# Computer Power Usage

Discussion in 'Electronic Basics' started by paul, May 4, 2005.

1. ### paulGuest

Hello,

Today I plugged in a power meter I bought a while ago, and decided to
check out how much power my old Pentium 233MMX was using, here are the
results (UK Power):

Normal Operation
244 Volts, 0.21 Amps, 31 Watts, Power Factor = 0.60

But if I disconnect the hard drive, I get:
250 Volts, 0.17 Amps, 41 Watts, Power Factor = 1.00

How could it be using more power when the hard drive is disconnected?
41 Watts is how much power it is using, right? Which one (if any) is
accurate?

Thanks!

paul

2. ### Bob MastaGuest

Just a thought, but I wonder if your power meter is able to handle
switching power supplies (which are used by all computers).
The power meter may be expecting simple resistive loads, or
maybe motors where the current and voltage are a bit out of
phase, but not be able to handle loads where the waveforms
are chopped up by a switcher.

Best regards,

Bob Masta

D A Q A R T A
Data AcQuisition And Real-Time Analysis
www.daqarta.com
Home of DaqGen, the FREEWARE signal generator

3. ### paulGuest

If that is the case - that it can't handle switching power supplies,
would the data be completely wrong? I'm trying to work out how long I
could power it from a 12v battery on a full charge, but need to know
how much power it is drawing. Is there a standard/cheap way of working
out exactly how much power the pc is using? What equipment is needed?

Cheers,

paul

4. ### Bob MastaGuest

This is a very good question, but I unfortunately have no
answer. Note that if you were actually measuring the
current from the battery the task would be much simpler,
since you could assume that the voltage was pretty
much a constant during the current draw. Then all that
would be needed would be to integrate the total current
inverter, and the computer you could skip all that and
just time it directly!

I think the power meter has to integrate the product of
instantaneous voltage times instantaneous current,
averaging over one or more cycles of the mains frequency.
I don't know what typical commercial power meters do.
Anyone else have any info on that?

Best regards,

Bob Masta

D A Q A R T A
Data AcQuisition And Real-Time Analysis
www.daqarta.com
Home of DaqGen, the FREEWARE signal generator

5. ### paulGuest

I wanted to work out the power usage, before obtaining the battery &
inverter, so I would know exactly what size/types I'd need to get

Regards,

paul

6. ### Wayne FarmerGuest

Based on my limited knowledge (having just finished an AC circuit theory
course at my local community college), I believe there are 3 ways to measure
the power drawn by a load from an alternating voltage source:

1. Apparent power. This is RMS AC Volts x RMS AC Amps. It is reported not
in Watts, but in "VA" = Volt-Amperes.

2. True power. This is the resistive component of Apparent Power, and is
reported in Watts. If the load has no capacitive or inductive elements,
then all the load is resistive. True power is the power that is dissipated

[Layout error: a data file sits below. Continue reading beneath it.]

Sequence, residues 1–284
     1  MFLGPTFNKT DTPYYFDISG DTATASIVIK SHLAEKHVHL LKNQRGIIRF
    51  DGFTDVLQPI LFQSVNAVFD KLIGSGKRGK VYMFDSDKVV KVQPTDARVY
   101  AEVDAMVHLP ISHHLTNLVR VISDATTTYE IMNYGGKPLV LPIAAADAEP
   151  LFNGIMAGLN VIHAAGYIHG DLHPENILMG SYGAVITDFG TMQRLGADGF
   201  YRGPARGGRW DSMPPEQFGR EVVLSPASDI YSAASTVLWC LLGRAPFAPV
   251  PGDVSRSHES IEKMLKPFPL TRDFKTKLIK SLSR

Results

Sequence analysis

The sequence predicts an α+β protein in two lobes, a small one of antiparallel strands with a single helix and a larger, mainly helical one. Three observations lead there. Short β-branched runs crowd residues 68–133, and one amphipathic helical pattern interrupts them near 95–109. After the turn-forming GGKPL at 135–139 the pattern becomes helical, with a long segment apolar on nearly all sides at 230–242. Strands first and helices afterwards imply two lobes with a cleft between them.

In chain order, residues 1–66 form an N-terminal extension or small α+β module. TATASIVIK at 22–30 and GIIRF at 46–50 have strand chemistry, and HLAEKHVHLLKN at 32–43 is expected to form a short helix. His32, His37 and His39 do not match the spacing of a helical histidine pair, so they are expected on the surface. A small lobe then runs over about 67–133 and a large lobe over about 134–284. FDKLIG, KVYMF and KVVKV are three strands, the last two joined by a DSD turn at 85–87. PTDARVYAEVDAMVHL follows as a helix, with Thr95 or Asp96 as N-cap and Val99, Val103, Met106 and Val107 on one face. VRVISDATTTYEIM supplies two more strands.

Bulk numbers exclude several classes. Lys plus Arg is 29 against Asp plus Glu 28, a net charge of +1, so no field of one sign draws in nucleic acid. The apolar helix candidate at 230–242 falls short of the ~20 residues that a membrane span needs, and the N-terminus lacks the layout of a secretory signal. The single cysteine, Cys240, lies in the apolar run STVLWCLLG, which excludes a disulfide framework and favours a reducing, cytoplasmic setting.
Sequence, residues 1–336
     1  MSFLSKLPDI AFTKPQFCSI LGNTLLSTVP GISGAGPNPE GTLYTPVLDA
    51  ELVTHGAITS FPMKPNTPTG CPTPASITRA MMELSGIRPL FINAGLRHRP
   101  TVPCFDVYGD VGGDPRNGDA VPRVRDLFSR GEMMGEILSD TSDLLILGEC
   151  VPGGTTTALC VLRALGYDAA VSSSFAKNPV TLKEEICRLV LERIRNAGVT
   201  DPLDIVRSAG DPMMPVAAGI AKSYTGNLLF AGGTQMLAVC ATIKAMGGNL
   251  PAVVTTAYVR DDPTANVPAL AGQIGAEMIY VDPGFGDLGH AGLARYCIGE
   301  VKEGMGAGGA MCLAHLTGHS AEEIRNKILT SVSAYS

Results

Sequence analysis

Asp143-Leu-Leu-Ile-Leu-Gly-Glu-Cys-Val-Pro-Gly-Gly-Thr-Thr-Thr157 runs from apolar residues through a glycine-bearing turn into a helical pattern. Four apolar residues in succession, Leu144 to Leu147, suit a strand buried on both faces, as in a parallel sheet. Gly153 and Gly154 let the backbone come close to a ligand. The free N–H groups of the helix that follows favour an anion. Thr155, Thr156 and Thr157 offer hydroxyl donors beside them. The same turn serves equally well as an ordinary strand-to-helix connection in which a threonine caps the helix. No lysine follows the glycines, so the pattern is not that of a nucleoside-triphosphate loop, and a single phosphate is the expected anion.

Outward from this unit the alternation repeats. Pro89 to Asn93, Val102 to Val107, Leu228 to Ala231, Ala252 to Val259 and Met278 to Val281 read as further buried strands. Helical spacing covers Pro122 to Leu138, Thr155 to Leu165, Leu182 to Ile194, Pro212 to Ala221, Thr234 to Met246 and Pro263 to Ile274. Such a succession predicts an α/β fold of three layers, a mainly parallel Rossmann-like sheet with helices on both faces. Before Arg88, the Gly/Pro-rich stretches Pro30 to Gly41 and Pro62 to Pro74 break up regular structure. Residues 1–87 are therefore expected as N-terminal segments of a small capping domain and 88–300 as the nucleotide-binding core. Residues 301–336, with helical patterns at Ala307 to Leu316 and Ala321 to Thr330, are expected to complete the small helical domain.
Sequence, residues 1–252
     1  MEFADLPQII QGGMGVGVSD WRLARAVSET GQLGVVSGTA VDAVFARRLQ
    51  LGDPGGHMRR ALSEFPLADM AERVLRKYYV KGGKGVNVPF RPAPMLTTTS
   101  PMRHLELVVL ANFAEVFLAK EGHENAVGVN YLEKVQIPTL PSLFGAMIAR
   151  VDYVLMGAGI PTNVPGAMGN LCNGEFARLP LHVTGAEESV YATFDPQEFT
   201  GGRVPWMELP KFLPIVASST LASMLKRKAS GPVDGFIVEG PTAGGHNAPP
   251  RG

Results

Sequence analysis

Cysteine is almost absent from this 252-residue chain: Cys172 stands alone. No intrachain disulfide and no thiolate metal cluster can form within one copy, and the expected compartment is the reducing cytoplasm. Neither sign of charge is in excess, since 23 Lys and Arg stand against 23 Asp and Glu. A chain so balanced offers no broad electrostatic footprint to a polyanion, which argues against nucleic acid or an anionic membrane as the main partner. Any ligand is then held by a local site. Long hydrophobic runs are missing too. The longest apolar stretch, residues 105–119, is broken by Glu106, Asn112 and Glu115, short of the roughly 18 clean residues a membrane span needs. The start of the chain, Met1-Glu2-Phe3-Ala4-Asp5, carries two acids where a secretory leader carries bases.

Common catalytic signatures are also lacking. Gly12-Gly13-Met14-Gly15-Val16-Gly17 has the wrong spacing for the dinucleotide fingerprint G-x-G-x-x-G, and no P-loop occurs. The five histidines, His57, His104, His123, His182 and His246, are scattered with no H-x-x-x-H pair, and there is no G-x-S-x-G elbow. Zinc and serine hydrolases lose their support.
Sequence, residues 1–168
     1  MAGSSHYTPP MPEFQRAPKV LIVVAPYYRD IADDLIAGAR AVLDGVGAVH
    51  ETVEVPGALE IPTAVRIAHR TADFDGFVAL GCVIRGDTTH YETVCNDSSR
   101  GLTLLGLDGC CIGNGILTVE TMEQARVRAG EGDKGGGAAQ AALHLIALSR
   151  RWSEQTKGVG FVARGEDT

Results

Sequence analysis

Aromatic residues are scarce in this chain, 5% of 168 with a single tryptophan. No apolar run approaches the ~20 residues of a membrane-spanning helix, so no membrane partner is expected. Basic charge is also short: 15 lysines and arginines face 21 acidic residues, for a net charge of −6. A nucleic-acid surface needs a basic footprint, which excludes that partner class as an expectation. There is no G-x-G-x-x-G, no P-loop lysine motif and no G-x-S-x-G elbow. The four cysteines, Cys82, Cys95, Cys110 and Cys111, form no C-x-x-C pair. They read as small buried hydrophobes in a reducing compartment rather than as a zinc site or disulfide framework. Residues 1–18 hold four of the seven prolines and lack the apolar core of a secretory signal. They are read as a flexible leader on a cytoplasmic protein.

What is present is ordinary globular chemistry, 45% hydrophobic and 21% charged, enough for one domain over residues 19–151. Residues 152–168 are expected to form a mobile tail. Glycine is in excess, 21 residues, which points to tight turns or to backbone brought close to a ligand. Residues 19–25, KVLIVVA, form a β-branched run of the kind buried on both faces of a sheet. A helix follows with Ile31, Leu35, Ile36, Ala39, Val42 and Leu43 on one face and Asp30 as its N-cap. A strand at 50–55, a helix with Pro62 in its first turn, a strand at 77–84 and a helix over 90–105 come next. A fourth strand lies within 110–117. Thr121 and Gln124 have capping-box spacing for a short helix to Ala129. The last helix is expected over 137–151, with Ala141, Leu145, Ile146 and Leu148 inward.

3. Reactive power. This is the inductive and capacitive (= reactive)
component of Apparent Power, and is reported in "VAR" = Volt-Amperes
Reactive. Reactive power isn't dissipated in heat, but cycles back and
forth between you and the power company as alternating current flow.

Apparent power is the vector sum of True Power and Reactive Power: the
square root of (True Power**2 + Reactive Power**2).

The ratio of True power to Apparent power is the Power Factor.

Motors (hard drives, fans, etc.) are typically inductive loads.

Now let's look at the figures your meter is reporting:
244 V x .21 A = 51.2 VA apparent power. Of that, the 0.60 Power Factor x
51.2 VA = the 31 Watts true power being consumed by the resistive loads in
your computer and hard drive. At the same time, there is a reactive
(inductive and capacitive) power draw of sin(arccos 0.60) x 51.2 VA = 41
VAR. The square root of (true power**2 + reactive power**2) is indeed 51.4
VA, which matches your figure of 51.4 VA.
250 V x .17 A = 42.5 VA apparent power. Since the Power Factor is 1.00, all
of that apparent power is due to the resistive loads in your computer and
hard drive; the true power is 42.5 Watts, or approximately the 41 Watts you
reported. There is little or no inductive and capacitive load. That makes
sense, because the hard drive motor was a major part of the inductive load
when it was connected.

So, you can see that the apparent power draw does decrease, from 51.2 VA to
42.5 VA, when you disconnect the hard drive.

Can somebody else explain why the true power (resistive load) -increases-
from 31 Watts to 41 Watts when the hard drive is disconnected?

Wayne

7. ### Don Taylor From:Guest

Back in the ancient days, and thus this information may or may not apply
to the current day, computer power supplies had big heavy expensive iron
transformers. When the slightly more modern, but still ancient, "pc was
invented" transformers were replaced by lighter cheaper and often much
poorer quality switching supplies. The widespread knowledge of those old
days was that you NEVER turned on one of these supplies without some load,
typically having at least a 5" full height hard drive attached to do this.

Not having a load on a cheap low quality switching supply can lead to wild
and unhappy oscillation within the supply, often coming to an end in a few
seconds when you go and get a replacement for your supply.

Perhaps the supply operating without a load is demonstrating its unhappy